Christian Democratic Union spokesperson says police report was not directed at security researcher
The Chaos Computer Club (CCC), a Germany-based association of hackers, has announced that it will stop cooperating with the Christian Democratic Union (CDU), Germany’s ruling political party, after the latter allegedly threatened one of its activists with legal prosecution following a security bug report.
In May, security researcher Lilith Wittmann discovered security flaws in CDU Connect, the mobile application the political party used to reach voters during the federal election season.
According to Wittman’s findings, the app’s web API had a security flaw that gave unauthorized access to the personal information of 18,500 campaign workers, including email addresses and photos.
More alarming was that the addresses, dates of birth, and interests of 1,350 users were also accessible through the API.
‘Shooting the messenger’
In the spirit of responsible disclosure, Wittman did not publish her findings immediately and submitted them to CERT-Bund, Berlin’s data protection officer, and the CDU’s data protection department. The CDU shut down the app shortly after the report and notified its users of a possible data leak.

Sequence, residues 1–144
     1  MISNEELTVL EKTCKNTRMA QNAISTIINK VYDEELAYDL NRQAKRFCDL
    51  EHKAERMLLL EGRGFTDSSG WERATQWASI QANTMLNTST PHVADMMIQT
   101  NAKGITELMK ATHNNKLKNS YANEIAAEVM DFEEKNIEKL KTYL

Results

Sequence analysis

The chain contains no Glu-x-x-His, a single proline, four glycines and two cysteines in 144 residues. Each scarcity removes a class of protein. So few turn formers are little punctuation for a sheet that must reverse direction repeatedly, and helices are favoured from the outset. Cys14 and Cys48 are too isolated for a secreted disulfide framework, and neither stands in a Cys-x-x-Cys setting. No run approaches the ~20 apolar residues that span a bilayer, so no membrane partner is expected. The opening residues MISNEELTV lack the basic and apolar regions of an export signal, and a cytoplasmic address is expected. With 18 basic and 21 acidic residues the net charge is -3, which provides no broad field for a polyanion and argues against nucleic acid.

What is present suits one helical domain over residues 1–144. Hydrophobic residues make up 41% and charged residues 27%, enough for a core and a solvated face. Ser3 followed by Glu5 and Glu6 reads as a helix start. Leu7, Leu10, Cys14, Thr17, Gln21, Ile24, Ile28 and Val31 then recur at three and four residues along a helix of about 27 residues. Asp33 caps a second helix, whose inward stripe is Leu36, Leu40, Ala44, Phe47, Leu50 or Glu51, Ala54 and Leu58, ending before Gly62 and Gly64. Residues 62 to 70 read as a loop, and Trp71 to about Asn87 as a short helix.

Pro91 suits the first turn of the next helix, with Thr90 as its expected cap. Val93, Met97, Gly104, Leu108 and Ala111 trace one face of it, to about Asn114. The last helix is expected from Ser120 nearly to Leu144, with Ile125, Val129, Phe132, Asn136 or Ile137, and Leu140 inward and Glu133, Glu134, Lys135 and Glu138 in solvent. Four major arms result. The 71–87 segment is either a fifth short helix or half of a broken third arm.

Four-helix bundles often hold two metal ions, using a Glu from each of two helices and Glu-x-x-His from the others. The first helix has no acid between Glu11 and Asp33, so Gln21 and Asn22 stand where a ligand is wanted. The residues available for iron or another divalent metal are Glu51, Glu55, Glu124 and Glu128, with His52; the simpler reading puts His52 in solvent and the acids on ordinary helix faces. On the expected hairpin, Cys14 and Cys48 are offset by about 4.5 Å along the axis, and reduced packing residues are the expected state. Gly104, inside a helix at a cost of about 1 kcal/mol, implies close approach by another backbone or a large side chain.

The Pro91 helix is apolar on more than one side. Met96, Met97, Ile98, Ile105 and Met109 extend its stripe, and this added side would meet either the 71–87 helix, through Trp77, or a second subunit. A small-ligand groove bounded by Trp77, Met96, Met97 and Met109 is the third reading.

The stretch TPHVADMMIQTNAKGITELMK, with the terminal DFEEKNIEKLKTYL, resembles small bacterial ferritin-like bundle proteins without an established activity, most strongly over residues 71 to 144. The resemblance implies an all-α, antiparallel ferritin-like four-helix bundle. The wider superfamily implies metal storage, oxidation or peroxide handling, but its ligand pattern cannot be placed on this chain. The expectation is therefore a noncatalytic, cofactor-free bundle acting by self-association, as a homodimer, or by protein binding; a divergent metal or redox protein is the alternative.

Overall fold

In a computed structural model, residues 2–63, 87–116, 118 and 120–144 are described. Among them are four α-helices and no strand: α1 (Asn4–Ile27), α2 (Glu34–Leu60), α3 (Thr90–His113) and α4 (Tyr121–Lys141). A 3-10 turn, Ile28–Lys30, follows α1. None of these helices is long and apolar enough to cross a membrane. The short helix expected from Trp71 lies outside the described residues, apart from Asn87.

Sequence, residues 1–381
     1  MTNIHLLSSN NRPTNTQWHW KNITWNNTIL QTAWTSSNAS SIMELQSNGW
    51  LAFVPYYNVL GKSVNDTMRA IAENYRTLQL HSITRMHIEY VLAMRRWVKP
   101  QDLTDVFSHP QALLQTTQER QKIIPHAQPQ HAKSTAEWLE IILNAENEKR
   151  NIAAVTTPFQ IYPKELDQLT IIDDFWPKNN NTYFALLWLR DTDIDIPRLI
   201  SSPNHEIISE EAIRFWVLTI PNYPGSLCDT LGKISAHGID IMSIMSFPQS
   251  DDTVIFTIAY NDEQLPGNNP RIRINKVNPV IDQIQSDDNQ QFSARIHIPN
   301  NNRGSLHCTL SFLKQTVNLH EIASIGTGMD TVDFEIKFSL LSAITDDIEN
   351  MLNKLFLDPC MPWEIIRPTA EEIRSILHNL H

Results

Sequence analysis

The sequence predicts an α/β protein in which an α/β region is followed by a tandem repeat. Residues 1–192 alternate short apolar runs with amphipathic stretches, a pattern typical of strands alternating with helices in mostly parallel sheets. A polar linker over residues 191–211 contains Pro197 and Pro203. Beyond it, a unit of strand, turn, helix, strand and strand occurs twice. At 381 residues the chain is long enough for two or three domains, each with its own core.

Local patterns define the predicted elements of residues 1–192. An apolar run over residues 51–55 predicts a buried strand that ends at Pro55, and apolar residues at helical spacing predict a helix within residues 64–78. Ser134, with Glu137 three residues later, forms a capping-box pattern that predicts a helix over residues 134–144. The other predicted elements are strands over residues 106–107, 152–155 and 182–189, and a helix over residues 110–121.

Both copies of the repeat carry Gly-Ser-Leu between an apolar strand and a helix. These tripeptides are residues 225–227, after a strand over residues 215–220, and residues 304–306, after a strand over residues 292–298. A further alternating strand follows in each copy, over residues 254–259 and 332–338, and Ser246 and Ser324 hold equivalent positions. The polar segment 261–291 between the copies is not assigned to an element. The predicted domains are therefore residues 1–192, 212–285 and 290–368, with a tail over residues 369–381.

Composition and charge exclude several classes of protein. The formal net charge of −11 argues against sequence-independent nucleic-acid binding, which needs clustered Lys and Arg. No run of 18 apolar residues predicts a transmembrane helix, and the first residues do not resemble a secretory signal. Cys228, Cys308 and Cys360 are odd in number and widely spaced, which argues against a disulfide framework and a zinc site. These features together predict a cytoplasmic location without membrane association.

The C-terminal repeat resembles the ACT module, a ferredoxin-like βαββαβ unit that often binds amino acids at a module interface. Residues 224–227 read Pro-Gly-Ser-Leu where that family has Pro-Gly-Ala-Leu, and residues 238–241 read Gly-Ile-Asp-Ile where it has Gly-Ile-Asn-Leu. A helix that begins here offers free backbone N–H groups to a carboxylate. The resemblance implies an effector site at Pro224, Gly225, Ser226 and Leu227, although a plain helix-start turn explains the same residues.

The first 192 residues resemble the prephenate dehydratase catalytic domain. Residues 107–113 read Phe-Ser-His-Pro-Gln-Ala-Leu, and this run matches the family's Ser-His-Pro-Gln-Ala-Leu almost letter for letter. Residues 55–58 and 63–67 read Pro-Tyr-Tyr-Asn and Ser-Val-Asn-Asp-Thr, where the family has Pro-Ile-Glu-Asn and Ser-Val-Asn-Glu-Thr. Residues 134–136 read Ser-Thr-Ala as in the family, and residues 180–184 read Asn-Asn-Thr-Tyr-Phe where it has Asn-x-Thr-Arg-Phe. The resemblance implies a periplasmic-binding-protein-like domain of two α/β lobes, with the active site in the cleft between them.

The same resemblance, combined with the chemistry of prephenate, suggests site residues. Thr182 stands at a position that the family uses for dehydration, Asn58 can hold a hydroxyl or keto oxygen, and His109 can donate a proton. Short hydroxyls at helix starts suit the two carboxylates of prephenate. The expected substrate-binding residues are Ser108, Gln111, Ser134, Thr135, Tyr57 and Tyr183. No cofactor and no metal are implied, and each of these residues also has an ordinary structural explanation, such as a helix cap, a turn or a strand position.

But according to a blog post on CCC’s website, “the CDU held out the prospect of legal action” when Wittman reported the vulnerability. Earlier this week, the cybersecurity police sent an email to Wittman and asked for a postal address to send legal documents.
The CCC criticized the CDU for being “extremely ungrateful” for the voluntary help and described their move as “shooting the messenger.”
A spokesperson for CCC declared that the organization would no longer be reporting vulnerabilities to CDU in light of the episode.
On August 4, CDU managing director Stefan Hennewig confirmed that the party had reported a data breach to the police but denied accusing Wittman of stealing data.
“Our notification is NOT directed against Lilith Wittmann's Responsible Disclosure procedure. RD procedures are a great way to alert those affected to security vulnerabilities,” Hennewig wrote on Twitter. Hennewig also apologized to Wittman and said that the complaint had been revoked.
Wittman was not convinced. “It’s a total non-apology, it doesn’t stop the actual lawsuit, nobody files a lawsuit accidentally,” she told The Daily Swig.